CLEVELAND – The board of directors of the Cleveland Foundation has authorized a record $26.6 million in grants in the first quarter of 2013, including a $10 million grant to The Cleveland Orchestra and grants totaling nearly $10 million in support of core neighborhood and youth initiatives. The previous quarterly grantmaking record was in the third quarter of 2012, when the foundation awarded $21.6 million.
GRANTS TO THE ARTS
The $10 million grant to The Cleveland Orchestra is the largest single grant to an arts organization in the Cleveland Foundation’s 99-year history. The grant to the Orchestra’s “Sound for the Centennial” Campaign is in support of the Orchestra’s recent efforts to attract a new, broader audience and to transform itself as it looks to the future.
“Through the years, the Cleveland Foundation has stepped up to provide significant support to major institutions at pivotal times,” said Ronald B. Richard, president and chief executive officer of the Cleveland Foundation. “We hope and intend that this grant will catalyze additional leadership funding for the Orchestra’s creative efforts in the community to make this world-class institution accessible and enjoyable to all of Greater Cleveland for years to come.”
“We are deeply grateful for the Cleveland Foundation’s extraordinary grant and the confidence in the Orchestra’s strategic direction that it represents,” said Gary Hanson, executive director of the Cleveland Orchestra. “Over the past year, the foundation’s staff and board have rigorously assessed the Orchestra’s ongoing transformation and we sincerely appreciate their generous commitment to our work.”
NEIGHBORHOOD AND YOUTH INITIATIVES
The Cleveland Foundation’s board authorized other significant grants, including:
$5 million to Neighborhood Progress, Inc. to support the organization and its strategic plan to forge a new community development network for Cleveland’s underserved neighborhoods. With this grant, the foundation’s support to NPI totals nearly $50 million.
“The Cleveland Foundation has long recognized the importance of restoring and maintaining the health and vitality of our inner-city neighborhoods,” said Robert E. Eckardt, executive vice president of the Cleveland Foundation. “To this end, we helped launch NPI in1988, and it is among the largest recipients of foundation support in our history.”
$1.01 million in grants to advance the following Cleveland Metropolitan School District efforts:
$879,750 to support the CMSD’s Cleveland Plan for Transforming Schools. Since 2006, the foundation has given nearly $22 million to further local school reform efforts.
$75,000 to the Friends of the Cleveland School of the Arts for design development for the new Cleveland School of the Arts.
$100,000 to Cuyahoga Community College Foundation for the Freedom Project, an academic and leadership training program for middle and high school students to prepare them for college.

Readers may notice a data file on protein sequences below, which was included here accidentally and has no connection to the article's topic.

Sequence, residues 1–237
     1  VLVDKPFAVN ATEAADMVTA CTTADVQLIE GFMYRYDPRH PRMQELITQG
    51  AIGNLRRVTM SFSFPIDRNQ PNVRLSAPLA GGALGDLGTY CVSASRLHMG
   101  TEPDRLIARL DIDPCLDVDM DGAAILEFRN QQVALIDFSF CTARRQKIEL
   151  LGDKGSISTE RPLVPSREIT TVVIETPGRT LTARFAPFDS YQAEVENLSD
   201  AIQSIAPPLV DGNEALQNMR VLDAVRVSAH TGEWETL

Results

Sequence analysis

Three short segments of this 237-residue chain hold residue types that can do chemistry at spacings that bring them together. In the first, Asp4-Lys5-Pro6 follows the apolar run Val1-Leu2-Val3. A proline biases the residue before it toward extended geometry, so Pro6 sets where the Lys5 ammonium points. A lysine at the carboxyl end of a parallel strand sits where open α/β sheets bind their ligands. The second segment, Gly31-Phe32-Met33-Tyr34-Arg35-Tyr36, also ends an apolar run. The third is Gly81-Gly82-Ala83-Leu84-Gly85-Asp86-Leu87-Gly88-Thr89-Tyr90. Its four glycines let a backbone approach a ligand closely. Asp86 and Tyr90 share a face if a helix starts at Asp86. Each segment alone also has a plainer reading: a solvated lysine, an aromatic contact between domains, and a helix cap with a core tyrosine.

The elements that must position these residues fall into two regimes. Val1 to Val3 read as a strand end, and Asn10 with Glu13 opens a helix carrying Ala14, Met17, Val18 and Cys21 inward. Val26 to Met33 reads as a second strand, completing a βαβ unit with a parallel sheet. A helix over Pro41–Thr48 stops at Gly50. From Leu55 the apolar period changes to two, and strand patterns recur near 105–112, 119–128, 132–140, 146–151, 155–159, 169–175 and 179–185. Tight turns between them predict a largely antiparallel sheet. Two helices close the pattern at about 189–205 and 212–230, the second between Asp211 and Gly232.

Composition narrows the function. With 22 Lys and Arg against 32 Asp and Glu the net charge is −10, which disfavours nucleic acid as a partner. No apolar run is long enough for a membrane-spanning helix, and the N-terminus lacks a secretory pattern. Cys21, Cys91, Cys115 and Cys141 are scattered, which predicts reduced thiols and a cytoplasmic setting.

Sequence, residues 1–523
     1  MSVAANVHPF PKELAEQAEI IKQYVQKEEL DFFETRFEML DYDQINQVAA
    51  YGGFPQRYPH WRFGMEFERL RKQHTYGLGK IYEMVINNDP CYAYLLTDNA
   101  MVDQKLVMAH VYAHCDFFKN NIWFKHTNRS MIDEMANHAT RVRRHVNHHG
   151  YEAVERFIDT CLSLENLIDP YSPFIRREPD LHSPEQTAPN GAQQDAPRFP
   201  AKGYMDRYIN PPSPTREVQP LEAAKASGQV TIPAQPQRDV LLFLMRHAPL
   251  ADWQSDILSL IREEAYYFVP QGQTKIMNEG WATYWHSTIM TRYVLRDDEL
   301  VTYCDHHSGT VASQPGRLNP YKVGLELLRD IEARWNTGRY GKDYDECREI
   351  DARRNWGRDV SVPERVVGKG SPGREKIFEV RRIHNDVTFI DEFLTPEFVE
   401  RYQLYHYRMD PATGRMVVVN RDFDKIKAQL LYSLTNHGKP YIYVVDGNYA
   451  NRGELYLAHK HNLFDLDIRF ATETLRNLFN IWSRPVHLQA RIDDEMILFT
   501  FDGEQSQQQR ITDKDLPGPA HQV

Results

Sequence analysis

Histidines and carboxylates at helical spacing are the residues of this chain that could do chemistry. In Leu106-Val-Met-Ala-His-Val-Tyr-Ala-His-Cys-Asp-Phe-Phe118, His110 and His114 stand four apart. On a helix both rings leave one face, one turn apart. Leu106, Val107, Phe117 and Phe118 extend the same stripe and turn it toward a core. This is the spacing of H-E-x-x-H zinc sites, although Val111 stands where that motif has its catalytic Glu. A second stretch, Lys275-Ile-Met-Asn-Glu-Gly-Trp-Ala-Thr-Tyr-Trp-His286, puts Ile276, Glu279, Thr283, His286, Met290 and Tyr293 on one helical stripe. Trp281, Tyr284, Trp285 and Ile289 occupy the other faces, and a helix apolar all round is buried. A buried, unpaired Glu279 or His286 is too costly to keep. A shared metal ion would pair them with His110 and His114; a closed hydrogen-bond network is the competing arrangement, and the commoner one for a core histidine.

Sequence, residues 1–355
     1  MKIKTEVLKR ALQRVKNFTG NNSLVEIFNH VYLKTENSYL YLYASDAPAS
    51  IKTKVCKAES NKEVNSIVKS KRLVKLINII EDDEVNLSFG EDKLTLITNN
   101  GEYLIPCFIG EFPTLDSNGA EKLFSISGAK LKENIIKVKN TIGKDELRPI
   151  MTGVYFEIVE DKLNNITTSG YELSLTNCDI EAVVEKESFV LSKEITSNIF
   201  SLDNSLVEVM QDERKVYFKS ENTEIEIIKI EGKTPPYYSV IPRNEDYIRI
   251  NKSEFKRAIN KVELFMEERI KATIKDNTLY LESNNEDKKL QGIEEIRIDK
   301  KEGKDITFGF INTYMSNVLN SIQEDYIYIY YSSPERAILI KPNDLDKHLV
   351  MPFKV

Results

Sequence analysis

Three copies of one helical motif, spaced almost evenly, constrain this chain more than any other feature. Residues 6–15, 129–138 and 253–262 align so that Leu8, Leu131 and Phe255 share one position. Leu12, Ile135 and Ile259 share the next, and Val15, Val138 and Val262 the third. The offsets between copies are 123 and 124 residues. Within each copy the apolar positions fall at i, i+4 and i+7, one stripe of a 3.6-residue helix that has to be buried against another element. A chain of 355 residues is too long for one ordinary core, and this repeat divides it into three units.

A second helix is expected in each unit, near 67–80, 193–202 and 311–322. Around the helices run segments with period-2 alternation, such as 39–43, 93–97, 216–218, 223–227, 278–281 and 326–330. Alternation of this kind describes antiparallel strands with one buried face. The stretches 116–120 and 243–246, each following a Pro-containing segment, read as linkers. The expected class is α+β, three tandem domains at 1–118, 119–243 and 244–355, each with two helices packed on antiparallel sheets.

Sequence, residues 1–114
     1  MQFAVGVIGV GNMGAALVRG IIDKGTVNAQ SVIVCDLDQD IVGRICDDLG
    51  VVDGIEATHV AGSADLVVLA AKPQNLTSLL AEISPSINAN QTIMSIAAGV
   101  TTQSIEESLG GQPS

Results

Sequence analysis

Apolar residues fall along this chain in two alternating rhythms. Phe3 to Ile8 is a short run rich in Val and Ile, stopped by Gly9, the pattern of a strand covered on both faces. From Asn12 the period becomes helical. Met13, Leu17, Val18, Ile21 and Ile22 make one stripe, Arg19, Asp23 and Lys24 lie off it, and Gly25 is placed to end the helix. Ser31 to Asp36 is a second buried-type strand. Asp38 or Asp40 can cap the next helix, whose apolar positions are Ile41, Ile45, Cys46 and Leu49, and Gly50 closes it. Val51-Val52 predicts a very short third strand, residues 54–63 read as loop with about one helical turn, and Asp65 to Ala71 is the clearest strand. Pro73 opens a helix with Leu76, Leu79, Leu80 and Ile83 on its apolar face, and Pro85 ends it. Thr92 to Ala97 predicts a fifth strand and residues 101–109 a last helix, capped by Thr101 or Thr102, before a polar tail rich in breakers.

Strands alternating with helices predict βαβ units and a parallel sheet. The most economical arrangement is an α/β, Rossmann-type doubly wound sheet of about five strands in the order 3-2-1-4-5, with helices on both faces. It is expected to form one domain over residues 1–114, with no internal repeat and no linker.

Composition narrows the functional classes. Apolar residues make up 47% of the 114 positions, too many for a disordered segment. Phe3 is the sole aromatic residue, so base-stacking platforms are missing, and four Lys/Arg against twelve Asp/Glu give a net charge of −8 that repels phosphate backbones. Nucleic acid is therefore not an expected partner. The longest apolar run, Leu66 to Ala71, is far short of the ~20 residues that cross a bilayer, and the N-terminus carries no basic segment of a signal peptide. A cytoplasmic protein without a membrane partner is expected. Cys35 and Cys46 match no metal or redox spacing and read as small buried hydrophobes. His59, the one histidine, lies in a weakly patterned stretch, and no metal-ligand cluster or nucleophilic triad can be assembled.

$1 million to support implementation of the Evergreen Cooperative Corporation businesses, which the Cleveland Foundation helped launch in Cleveland’s inner city neighborhoods: Evergreen Cooperative Laundry, Evergreen Energy Solutions, and Green City Growers. Part of the funding will support staffing and organizational expenses. Other funds will go to the National Development Council, which manages the Evergreen Cooperative Development Fund, the source of working capital for the businesses.
$917,000 to support the MyCom program, the youth development initiative the Cleveland Foundation leads with Cuyahoga County. Part of the grant funding will be used to expand the MyCom program from its current eight neighborhoods (Central, St. Clair-Superior, Slavic Village, Mt. Pleasant, Cudell-West Boulevard, Bellaire-Puritas-West Park, South Shaker and Parma) to neighborhoods in the Greater University Circle area. MyCom connects students to a caring network of adults and out-of-school activities to keep young people engaged in the learning process.
$450,000 to Boys & Girls Clubs of Cleveland to continue its partnership with the Cleveland Peacemaker’s Alliance on a successful anti-gang initiative. The grant will fund the work of 10 outreach workers or peacemakers and four case managers who provide targeted support services to youth involved with gangs and those at risk of gang involvement. In the last year alone, these outreach efforts have contributed to a 37-percent decrease in crimes involving youth and firearms in the city of Cleveland.
$300,000 to Downtown Cleveland Alliance to support the group’s efforts to sustain a safe, thriving downtown Cleveland. The Cleveland Foundation has been one of DCA’s key funders since it was formed in 2007. With DCA’s leadership, since 2011 downtown’s population has grown 11-percent to 11,700, and more than 25 businesses have relocated to, or expanded in, downtown Cleveland.
Established in 1914, the Cleveland Foundation is the world's first community foundation and one of the largest today, with assets of $1.86 billion and 2012 grants of $91 million. Through the generosity of donors, the foundation improves the lives of Greater Clevelanders by building community endowment, addressing needs through grantmaking, and providing leadership on vital issues. The foundation tackles the community’s priority areas – economic transformation, public-school improvement, youth development, neighborhood revitalization, and arts advancement – and responds to the community’s needs.
For more information on the Cleveland Foundation, please visit www.ClevelandFoundation.org.